# How to scientifically define Cognitive Complexity ?

# Introduction

The cognitive complexity of a code snippet is one of the main parameters affecting the maintainability of a software. An approximative definition of the cognitive complexity could be *“the difficulty for a developer to understand a code snippet”*. Unfortunately, this definition is too vague to be able to measure it, and there is a lack of scientific consensus of what is precisely the cognitive complexity. This fact implies that many approaching definitions exist, thus many formulas to measure it, and finally different results for the same intuitive notion.

In a previous article, I gave the definition below:

DefinitionThe cognitive complexity of a code snippet is the time required by a mean developer to understand it.

With this definition, we clearly know *what* we should measure: a duration. However, there are still a lot of imprecise words: *code snippet*, *mean developer*, *understand*.

The first goal of this article is to provide suggestions of possible scientific definitions of these words, in the aim to eliminate the ambiguities. When this work will be done, we’ll be able to provide a consensual definition of the cognitive complexity, and so what we should measure and how to do it.

The second goal of this article is to elaborate a methodology which could help us to define and rely on the different concepts underlying the intuitive notion of cognitive complexity. This methodology, that I called the *graph of concepts*, may be a good way to organize our ideas, and state some propositions or conjectures.

The aim of my previous article was to popularize the concept of cognitive complexity, and to discuss the validity of the SonarQube’s algorithm. If it’s the first time that you heard about cognitive complexity, you should read it first.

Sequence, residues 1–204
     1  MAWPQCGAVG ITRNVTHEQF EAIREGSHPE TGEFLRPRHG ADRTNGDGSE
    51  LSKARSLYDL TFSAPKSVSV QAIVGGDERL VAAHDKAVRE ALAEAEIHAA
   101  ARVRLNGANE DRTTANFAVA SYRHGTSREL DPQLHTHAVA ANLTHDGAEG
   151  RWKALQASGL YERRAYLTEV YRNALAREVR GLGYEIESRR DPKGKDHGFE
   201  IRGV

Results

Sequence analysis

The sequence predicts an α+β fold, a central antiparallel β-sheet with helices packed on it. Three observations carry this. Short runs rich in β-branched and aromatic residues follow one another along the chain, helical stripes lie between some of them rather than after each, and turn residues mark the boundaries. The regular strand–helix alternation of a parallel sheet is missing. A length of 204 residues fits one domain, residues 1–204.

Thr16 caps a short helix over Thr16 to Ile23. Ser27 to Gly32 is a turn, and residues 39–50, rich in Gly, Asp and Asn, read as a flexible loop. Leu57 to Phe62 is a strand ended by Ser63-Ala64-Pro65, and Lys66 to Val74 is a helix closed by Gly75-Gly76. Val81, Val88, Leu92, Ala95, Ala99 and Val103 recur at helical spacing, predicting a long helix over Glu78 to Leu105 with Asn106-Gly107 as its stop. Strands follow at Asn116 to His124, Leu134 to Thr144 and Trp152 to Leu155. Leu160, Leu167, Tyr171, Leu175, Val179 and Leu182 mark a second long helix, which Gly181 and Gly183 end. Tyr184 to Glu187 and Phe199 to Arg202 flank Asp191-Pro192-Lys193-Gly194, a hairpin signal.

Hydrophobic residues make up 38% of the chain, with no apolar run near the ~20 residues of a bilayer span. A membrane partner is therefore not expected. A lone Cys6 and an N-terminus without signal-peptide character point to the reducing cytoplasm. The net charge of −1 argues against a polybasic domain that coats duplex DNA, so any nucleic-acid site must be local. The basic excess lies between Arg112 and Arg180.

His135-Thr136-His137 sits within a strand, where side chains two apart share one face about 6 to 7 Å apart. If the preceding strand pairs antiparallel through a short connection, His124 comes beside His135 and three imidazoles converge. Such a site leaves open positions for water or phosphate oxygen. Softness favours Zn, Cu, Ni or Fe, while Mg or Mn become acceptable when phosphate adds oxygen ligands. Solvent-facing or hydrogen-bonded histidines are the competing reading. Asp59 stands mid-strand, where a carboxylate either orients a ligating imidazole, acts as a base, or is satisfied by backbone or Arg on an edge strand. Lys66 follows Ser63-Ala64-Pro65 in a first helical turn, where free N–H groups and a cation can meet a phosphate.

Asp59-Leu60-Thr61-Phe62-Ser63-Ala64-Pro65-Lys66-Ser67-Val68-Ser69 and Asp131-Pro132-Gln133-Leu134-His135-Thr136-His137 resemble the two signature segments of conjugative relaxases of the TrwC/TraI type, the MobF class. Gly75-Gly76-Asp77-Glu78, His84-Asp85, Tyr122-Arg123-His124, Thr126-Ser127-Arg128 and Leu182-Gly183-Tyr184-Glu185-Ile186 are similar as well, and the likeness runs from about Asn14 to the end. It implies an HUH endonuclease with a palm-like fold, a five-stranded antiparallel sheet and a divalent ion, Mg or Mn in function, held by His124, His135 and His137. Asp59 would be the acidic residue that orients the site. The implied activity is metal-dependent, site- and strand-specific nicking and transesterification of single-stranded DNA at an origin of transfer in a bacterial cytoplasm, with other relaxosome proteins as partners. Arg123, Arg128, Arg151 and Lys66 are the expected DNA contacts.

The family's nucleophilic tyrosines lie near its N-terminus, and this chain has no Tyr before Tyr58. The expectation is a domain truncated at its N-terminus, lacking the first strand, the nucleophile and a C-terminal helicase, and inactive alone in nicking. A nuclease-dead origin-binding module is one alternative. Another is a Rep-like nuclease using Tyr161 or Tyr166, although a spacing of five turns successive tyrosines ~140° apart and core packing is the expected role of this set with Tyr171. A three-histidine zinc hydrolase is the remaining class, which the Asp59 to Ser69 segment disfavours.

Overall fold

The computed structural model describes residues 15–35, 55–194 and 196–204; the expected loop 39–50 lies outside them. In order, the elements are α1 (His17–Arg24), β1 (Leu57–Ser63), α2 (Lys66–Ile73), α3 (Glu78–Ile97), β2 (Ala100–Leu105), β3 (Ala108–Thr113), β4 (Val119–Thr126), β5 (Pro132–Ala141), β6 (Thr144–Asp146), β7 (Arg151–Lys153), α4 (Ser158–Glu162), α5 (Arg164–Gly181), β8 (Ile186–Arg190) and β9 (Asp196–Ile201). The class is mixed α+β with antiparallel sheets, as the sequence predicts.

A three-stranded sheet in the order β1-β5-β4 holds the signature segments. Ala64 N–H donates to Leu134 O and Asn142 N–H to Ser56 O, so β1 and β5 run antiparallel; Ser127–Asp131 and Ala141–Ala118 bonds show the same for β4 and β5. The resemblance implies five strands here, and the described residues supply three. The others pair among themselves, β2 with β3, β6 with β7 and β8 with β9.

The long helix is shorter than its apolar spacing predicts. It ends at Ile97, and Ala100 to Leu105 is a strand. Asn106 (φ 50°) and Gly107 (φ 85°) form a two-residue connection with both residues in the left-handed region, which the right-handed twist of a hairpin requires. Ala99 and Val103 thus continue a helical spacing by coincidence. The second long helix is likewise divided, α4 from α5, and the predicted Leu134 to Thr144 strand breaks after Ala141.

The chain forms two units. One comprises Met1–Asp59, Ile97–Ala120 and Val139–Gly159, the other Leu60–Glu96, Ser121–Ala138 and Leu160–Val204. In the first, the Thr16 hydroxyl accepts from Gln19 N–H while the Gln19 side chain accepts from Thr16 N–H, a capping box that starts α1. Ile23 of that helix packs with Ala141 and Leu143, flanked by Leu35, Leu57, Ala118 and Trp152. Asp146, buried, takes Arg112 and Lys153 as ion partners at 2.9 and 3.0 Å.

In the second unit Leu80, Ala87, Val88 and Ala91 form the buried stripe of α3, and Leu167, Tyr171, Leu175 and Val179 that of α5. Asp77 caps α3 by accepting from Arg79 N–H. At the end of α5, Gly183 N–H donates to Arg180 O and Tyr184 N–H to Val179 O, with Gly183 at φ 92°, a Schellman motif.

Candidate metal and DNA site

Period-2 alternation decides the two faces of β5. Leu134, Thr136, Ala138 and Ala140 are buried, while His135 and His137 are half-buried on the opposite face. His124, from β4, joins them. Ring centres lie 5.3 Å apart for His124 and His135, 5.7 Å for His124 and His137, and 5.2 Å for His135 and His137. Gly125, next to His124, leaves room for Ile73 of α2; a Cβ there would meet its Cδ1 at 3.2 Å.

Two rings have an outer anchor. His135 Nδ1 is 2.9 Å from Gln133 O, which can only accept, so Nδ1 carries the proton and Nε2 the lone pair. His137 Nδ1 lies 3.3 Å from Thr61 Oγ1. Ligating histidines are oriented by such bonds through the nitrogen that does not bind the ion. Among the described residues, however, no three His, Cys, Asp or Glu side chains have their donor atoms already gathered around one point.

# The measurability

To be able to measure the cognitive complexity, we should at first remember what is a measure. This is the aim of the measurement theory.

In this article written by Cem Kaner in 2004, you will find an excellent discussion on what is a measurement, and what are the questions that we should ask us before we try to measure something. I will not enter in details of the measurement theory, but I think that the definition of the measurement given by this author is interesting:

Definition

Measurement is the empirical, objective assignment of numbers, according to a rule derived from a model or theory, to attributes of objects or events with the intent of describing them.

As you can see, our definition of cognitive complexity is clearly not precise enough to respect this definition of measurement. My work consists to clarify the definition of the cognitive complexity, and the definition of all its underlying concepts.

In this section, I will only talk about the difference between measurability and computability. The aim of this discussion is to clarify the border between the ** world of measurability**, and the

**.**

*world of computability*Let’s start with a simple example. Assume that you want to measure the length of a steel bar. How will you do that ? At first, you will take a folding rule. Of course, you know that this tool is not perfect. Thus, there is a first approximation of the measure due to the instrument. Then, you’ll perhaps note that the steel bar has a thickness. Consequently, if you want to have a precise measure, you should at first find the centers of the extremities of the bar. But where are they exactly ? When you will find them, you will say: *OK, now all is perfect, I just need to measure the exact length of the segment between these two points !* And it’s at this precise moment that you’ll remember that, thanks to Albert Einstein, we know that the shortest way to travel from a point A to a point B is not to take a straight line, but a curve, because of the curvature of space-time. At this moment, you will simply throw the steel bar into the river and come back home.